MitchJi wrote:Hi Paul,

Timma2500 wrote:Hi guys.

Liveforphysics - i'm looking at using a Rino Mechanical PGC23 40:1 Planetary Gearbox with my 2700w outrunner. Using a HTD 5m 15mm belt and pulleys from motor to gearbox, gearing will be around 30T/60T to keep the input rpm below the 5000rpm max. It won't be cheap but with a nominal output torque rating of 60NM and max output torque of 90NM - 120NM, it should handle the power no worries. Body size is: L 80mm x H 65mm x W 65mm - quite compact for the rated output.

Paul :)


Looks nice!

Do you know about how much it costs?

Is it quiet? If you are running a belt anyway, and if its not as quiet as you like, you might want to do something like 20t/80t to further reduce the input RPM.


Hi MitchJi, i havn't been on here for a little while...

Yeah the box looks great but i have decided to go with a BaneBot P80 16:1 planetary gearbox instead. A lot cheaper - $105USD vs $325USD for the Rino gearbox! Hopefully the quality will be ok for our needs and they are rated up to 85ft-lbs / 115NM torque which should be enough for most of us. Plus they have full spare parts backup if anything breaks or wears out. :D

Not sure how its going to go for decibels, i'm going to wrap some sound deadener around the middle round part of the box in an effort to reduce noise plus it will be enclosed so hopefully it'll be reasonably quiet if done that way.

Can't wait for my favourite courier to arrive with it to start playing lol!

Paul :D
User avatar
Timma2500
1 kW
1 kW
 
Posts: 497
Joined: Thu Apr 02, 2009 12:12 am
Location: Western Australia

Re: Planetary Reductions: Reasonable Prices

Postby GGoodrum » Tue Jun 09, 2009 1:23 pm

12p3phPMDC wrote:Gary G? Gary, how many kw are you putting through your Nexus3 setup?


There is a guy in SD named Dave, who has a bike shop in Pacific Beach called Rusty Spokes. He's the one who builds custom choppers using Eteks and Mars motors, running off 36V/50Ah SLAs. All of them use standard Nexus 3 hubs. Not sure how much power he is putting through these, but I'm guessing 5-10kW, in any case.

When I wsa running my Cyclone 1000W setup, it hit peaks of about 2650W, but that is at the battery. I'm currently working on this bike (a 20" Dahon Mariner...) right now. Initially, I'm using the same Cyclone 1000W motor and the 55A controller, but with different gearing. Instead of going through the crank, the motor now drives a jackshaft with a #25 chain drive as a 1st reduction. There is a 24T sprocket on the motor shaft and an 80T sprocket attached to a White Industries ENO freewheel, on the jackshaft. The output of the jackshaft is an 18T track cog which drives a 36T sprocket on the Nexus-3 hub. The crank now has a single 44T chainring, on the standard Cyclone freewheel setup. It drives a 22T sprocket which is also on the Nexus-3 hub. The big reason for doing a dual chain to the rear setup is so I can "reclaim" use of the pedals. It still requires a freewheel on the crank, but now it doesn't have to be an expensive ENO, as it is not carrying the main load anymore.

Doing dual cogs/sprockets on the Nexus hub required a lot of trial and error, and head-scratching, but I finally have a workable solution. What I did was used a Dimension "Big Cheese" 110 BCD adapter plate and then drilled 4 holes to add a 22T 64BCD "granny gear" chainring. Sandwiched in between these is a 16T Nexus cog. I also had to use about a 2" hole saw to open up the hole in the adapter plate, in order fo it to fit over the front portion of the Nexus hub, right behind where the cog slides onto. With this arangement, the 22T sproket is on the outside, and the sprocket the jackshaft drives is on the inside. I'm using a standard Sugino 36T 110 BCD singlespeed chainring, but there are lots of choices here. I have a 53T, but I've seen even larger ones around.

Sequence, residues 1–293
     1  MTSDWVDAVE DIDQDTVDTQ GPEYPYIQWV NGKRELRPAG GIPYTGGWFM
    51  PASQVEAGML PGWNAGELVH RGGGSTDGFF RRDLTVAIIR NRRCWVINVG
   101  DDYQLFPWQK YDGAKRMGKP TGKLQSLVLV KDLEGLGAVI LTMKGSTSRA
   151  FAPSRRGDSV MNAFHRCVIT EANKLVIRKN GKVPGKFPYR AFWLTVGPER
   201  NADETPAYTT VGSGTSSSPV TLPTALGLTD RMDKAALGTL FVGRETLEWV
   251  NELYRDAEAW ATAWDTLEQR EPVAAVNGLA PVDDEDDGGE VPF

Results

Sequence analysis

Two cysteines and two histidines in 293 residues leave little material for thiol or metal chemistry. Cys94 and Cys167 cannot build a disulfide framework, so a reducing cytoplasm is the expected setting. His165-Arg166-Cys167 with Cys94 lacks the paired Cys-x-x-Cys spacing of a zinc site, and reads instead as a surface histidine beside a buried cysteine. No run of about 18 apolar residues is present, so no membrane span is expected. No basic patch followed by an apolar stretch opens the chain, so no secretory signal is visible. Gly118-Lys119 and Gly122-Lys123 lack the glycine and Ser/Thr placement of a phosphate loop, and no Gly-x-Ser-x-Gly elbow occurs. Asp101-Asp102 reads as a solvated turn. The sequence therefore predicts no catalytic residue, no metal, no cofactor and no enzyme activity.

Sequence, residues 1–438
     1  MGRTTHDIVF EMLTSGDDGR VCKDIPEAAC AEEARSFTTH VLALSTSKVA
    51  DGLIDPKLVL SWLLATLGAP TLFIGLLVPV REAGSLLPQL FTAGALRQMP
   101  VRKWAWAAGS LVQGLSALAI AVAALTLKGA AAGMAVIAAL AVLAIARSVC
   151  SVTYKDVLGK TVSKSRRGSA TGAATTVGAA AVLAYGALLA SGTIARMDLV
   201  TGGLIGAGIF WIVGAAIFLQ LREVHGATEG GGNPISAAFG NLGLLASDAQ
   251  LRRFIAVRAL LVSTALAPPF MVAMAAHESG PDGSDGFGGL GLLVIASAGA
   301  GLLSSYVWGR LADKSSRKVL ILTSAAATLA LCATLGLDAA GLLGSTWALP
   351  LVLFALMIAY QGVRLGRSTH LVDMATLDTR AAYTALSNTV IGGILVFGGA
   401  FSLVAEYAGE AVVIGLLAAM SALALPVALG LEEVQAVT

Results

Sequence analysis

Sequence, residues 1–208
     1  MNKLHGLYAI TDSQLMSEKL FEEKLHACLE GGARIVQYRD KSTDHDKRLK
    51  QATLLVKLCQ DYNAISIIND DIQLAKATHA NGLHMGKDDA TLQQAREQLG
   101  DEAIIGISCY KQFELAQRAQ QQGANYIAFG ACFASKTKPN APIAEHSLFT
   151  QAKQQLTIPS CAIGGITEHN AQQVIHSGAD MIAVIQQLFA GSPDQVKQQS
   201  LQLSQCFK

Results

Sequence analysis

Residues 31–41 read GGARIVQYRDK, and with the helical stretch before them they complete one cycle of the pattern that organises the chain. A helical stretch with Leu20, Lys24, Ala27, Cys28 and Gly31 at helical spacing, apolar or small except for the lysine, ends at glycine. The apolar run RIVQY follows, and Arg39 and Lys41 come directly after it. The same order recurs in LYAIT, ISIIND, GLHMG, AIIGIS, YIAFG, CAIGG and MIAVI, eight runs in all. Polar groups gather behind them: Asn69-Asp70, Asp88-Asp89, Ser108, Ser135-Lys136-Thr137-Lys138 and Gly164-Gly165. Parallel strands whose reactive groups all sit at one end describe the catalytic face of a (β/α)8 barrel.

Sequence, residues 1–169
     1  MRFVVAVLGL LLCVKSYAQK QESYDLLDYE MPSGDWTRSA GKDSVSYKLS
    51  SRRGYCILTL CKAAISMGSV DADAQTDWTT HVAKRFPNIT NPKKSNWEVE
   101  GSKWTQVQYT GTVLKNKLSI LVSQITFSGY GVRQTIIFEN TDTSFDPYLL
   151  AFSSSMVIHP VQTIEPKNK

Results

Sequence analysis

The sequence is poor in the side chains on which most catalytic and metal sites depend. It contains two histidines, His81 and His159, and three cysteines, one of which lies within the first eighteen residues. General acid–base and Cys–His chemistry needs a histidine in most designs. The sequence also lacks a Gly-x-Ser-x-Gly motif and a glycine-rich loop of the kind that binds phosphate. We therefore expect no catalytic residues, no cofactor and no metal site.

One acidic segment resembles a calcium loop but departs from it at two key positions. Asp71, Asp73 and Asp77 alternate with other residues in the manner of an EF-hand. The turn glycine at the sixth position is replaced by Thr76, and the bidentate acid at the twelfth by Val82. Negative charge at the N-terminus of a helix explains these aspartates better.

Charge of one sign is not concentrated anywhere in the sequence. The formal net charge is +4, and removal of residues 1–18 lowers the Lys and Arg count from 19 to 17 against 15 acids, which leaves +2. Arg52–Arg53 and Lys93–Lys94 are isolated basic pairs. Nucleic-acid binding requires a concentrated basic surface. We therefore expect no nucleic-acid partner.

After I get a baseline of the performance with the Cyclone setup, the first thing I will do is replace the controller with one of methods modified 18-FET Infineon controllers, and up the current to about 80A. I'm initially using a 16s5p a123 pack, but I may also try upping the voltage by adding another 8s5p pack. With an 80A limit. the power should go up close to 4kW, and with a 24s/80A configuration, closer to 5.5-6kW. With an 80V setup, I'll change the 18T cog on the jackshaft to a 12T.

After I've killed the Cyclone (gotta stop hanging around with the testosterone kids... :mrgreen: ), I will pull out the Cyclone, and install my 3210-10T (kV of 135, vs about 70 for the Cyclone...). With the 16s5p pack alone, I'll change to a 14T motor sprocket,, driving the 80T and go up to a 40T sprocket on the back, driven by the 18T cog. Going up to 24s will again require dropping down to a 12T cog on the jackshaft.

Finally, when the sensored 3220-7Ts are ready (hopefully in the next couple weeks...), I will put this in place of the 3210, and open up the current on the controller to 100A+, and really see if I can start breaking things. :shock: :mrgreen: If the Nexus-3 can survive that, I think it can handle most anything. Methods is going to set his 3220 up with a Alfine 8-speed hub, which has a disc brake, and also is supposedly very strong, compared to the other hubs, like the Nexus-3/8. His setup will also put even more power through, as he will use a 24s LiPo setup so about 10 more volts and who knows how many amps. :wink:

Once I get the jackshaft mounted, and the basic setup complete, I will take some pics and start a new thread.

-- Gary
User avatar
GGoodrum
100 MW
100 MW
 
Posts: 2980
Joined: Thu Sep 20, 2007 2:03 pm
Location: South Orange County, CA

Next

Return to E-Bike Non-hub Motor Drives

Who is online

Users browsing this forum: No registered users and 12 guests